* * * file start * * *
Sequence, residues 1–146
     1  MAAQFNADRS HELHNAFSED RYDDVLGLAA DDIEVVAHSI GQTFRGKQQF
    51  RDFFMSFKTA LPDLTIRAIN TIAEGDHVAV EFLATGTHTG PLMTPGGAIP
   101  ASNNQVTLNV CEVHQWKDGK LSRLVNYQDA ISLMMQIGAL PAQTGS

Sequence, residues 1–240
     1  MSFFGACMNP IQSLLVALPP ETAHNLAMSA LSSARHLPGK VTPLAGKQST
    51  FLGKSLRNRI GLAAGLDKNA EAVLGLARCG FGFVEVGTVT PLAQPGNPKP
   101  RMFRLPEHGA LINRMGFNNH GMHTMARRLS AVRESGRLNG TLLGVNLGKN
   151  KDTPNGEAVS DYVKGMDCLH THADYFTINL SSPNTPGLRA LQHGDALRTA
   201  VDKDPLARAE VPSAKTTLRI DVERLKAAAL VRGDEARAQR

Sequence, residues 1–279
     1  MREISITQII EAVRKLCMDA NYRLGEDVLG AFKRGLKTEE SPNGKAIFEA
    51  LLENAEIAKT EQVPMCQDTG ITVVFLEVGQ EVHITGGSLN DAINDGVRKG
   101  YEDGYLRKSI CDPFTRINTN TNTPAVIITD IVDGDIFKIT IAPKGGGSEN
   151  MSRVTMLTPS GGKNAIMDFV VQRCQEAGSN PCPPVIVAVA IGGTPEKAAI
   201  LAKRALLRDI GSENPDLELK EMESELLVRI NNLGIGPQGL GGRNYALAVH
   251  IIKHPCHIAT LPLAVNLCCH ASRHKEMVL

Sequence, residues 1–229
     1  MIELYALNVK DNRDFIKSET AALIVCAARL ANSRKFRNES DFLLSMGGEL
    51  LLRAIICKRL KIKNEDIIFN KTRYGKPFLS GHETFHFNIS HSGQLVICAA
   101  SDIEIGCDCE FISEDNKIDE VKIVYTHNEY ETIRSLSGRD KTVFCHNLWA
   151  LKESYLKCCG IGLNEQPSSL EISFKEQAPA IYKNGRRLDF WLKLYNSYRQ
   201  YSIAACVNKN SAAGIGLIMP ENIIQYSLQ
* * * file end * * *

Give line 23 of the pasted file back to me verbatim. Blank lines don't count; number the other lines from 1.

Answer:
   201  YSIAACVNKN SAAGIGLIMP ENIIQYSLQ